"After much prayer and months of careful thought, I have decided that next season - season 25 - will be the last season of 'The Oprah Winfrey Show,'" Oprah announced.
Winfrey told the audience that she loved "The Oprah Winfrey Show," that it had been her life and that she knew when it was time to say goodbye. "Twenty-five years feels right in my bones and feels right in my spirit," she said.
She was teary-eyed as she thanked her viewers who had invited her into their homes and lives over the past two decades.
News of the last season has many longtime viewers wishing Oprah would stay on the air on ABC7.
"It's sad, it's sad because everyone looks up to her and they believe what she says, and she has great guests on her show," said Oprah fan Debbi Gardner-Codron.
"I mean, we're talking about, arguably, the most powerful woman in America, certainly the most powerful black woman in America. So it goes without saying that she has had some sort of impact, whether directly or indirectly, on I think everyone," said fan Walter Clark.
Winfrey talked about being nervous when the program debuted on Sept. 8, 1986.
"I certainly never could have imagined the yellow brick road of blessings that have led me to this moment," the 55-year-old day-time host said.
Winfrey is expected to start up a new talk show on the Oprah Winfrey Network. OWN is to replace the Discovery Health Channel and is projected to debut in January 2011 in some 80 million homes.
"[It's] not surprising, of all the things she's said lately and having her own network coming up," said Oprah fan Marly Peet.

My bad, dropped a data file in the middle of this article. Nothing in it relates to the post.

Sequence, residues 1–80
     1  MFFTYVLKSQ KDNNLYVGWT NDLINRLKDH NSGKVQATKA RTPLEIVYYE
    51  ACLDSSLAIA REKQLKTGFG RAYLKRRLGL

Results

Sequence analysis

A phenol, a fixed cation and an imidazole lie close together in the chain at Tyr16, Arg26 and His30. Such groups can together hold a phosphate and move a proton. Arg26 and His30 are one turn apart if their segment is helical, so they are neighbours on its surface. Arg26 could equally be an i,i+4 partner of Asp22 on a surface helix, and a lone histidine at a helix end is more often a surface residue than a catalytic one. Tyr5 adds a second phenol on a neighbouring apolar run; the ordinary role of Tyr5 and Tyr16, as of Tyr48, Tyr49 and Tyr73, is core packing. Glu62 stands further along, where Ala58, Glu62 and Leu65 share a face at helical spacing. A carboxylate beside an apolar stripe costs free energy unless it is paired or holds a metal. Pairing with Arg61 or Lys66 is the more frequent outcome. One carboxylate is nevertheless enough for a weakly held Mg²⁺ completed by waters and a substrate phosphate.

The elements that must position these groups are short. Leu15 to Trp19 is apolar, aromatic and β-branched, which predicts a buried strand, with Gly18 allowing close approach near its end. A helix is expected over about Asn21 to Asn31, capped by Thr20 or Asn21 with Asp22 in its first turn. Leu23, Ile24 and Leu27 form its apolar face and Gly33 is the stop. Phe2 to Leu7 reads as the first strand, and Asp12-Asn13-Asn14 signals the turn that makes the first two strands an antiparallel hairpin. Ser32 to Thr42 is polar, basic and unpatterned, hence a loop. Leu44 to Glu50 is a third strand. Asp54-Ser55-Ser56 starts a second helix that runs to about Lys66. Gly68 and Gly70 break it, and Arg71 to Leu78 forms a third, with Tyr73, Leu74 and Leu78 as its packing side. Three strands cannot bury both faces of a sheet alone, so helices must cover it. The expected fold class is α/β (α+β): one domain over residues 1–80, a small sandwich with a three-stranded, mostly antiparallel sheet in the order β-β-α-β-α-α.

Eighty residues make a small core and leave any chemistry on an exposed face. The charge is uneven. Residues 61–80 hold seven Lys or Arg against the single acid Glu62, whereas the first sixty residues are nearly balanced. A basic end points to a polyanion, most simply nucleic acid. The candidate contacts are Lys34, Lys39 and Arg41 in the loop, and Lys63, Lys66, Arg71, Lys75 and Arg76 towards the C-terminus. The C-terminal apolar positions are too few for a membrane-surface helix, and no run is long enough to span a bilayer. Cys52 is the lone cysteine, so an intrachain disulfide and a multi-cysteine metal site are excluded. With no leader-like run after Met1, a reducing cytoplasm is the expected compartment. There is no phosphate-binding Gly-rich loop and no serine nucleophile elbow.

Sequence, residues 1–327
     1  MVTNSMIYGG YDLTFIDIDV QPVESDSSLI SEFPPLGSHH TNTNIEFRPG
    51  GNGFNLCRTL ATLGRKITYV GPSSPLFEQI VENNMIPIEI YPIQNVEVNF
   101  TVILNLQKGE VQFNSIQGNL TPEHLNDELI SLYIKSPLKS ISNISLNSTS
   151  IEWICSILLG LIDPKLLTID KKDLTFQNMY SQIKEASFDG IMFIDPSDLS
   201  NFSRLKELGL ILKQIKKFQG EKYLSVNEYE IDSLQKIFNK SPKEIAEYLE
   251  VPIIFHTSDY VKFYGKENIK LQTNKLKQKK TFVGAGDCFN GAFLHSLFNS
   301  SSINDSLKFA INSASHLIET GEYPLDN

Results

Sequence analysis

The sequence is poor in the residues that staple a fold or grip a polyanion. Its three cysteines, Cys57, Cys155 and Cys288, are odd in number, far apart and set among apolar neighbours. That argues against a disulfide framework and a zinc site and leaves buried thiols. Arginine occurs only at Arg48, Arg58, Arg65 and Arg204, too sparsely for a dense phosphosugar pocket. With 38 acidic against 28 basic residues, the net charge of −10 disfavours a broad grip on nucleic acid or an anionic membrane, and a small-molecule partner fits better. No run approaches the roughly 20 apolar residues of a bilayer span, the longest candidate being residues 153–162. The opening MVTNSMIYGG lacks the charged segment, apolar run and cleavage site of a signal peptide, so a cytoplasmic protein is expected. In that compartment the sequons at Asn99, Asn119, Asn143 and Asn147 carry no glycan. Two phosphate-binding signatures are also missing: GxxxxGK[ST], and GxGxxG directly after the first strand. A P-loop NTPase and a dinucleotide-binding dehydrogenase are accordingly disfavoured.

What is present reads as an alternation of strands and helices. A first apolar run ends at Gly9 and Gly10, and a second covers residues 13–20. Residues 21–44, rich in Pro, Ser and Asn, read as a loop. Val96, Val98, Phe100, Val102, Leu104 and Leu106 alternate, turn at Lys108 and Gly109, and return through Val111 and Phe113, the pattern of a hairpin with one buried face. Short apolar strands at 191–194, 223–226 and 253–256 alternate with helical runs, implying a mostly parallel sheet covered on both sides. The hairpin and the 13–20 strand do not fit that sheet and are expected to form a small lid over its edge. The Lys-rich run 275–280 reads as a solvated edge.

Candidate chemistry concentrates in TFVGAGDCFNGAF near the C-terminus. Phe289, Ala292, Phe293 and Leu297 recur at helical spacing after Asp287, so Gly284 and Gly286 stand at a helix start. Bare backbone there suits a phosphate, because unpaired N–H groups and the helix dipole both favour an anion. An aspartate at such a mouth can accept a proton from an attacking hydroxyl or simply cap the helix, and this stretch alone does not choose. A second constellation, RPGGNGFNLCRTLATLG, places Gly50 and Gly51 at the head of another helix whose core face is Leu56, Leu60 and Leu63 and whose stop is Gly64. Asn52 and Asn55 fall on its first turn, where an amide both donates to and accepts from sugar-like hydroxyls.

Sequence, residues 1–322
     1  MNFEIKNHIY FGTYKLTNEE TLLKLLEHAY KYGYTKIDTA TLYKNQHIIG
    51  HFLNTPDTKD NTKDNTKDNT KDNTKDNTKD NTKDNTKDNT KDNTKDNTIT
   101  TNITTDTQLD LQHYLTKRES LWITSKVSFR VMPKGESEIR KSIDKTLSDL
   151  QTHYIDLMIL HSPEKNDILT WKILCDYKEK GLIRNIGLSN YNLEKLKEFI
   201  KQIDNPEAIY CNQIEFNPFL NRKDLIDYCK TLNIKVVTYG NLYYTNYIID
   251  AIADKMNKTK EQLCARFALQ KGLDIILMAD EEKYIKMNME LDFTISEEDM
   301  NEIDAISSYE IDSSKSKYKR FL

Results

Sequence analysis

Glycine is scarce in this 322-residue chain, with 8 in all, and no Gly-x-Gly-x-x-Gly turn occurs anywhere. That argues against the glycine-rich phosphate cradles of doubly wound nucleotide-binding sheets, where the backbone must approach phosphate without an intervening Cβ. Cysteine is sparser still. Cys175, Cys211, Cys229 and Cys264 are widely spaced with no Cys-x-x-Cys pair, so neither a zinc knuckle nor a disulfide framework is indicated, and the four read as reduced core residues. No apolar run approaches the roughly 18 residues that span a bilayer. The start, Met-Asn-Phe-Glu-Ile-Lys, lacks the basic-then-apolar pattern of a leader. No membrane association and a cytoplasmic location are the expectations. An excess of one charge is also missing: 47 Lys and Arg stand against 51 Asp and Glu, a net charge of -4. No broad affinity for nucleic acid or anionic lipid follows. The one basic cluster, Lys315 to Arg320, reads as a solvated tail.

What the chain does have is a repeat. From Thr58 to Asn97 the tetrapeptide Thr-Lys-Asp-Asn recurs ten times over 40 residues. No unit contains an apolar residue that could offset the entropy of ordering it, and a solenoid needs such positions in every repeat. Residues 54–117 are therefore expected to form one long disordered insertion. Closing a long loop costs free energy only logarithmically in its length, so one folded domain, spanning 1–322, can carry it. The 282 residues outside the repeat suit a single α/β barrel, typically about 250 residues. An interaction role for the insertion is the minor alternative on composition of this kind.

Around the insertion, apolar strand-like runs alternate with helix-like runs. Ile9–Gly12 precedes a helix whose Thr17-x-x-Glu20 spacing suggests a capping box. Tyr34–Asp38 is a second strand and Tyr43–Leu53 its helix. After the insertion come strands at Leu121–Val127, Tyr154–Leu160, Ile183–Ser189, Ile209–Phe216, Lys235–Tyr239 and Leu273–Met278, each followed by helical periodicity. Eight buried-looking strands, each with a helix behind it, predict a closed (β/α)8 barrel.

Winfrey offered no specifics about her plans for the future, except to say that she intended to produce the best possible shows during her last 18 months on the air.
"Over this holiday break, my team and I will be brainstorming new ways that we can entertain you and inform you and uplift you when we return here in January," she said. "And then, season 25 - we are going to knock your socks off."
"The Oprah Winfrey Show" has been a top-rated talk show for more than two decades, airing in 145 countries worldwide and watched by an estimated 42 million viewers a week in the U.S. alone.
From her support of President Obama to interviewing big names from around the world, and tackling tough issues, fans say they'll miss the conversations Oprah facilitated in households across America.
"Her show really was the pinpoint of a lot of issues and you always wanted to hear what she had to say, what Oprah had to say, before you had a comment yourself," said Oprah fan Julius Robinson.
Winfrey's 24th season opened this year with a bang, as she drew more than 20,000 fans to Chicago's Magnificent Mile for a block party with the Black Eyed Peas. She followed with a series of blockbuster interviews - Mike Tyson and Evander Holyfield, Whitney Houston and ESPN's Erin Andrews, and just this week, former Alaska governor and GOP vice presidential candidate Sarah Palin.
Winfrey started her broadcasting career in Nashville, Tenn., and Baltimore, Md., before relocating to Chicago in 1984 to host WLS-TV's morning talk show "A.M. Chicago" - which became "The Oprah Winfrey Show" one year later. She set up Harpo the following year and her talk show went into syndication.
You can watch Oprah make the announcement, and her reasons behind it, right here on ABC7 at 3 p.m. PT.
The Associated Press contributed to this report.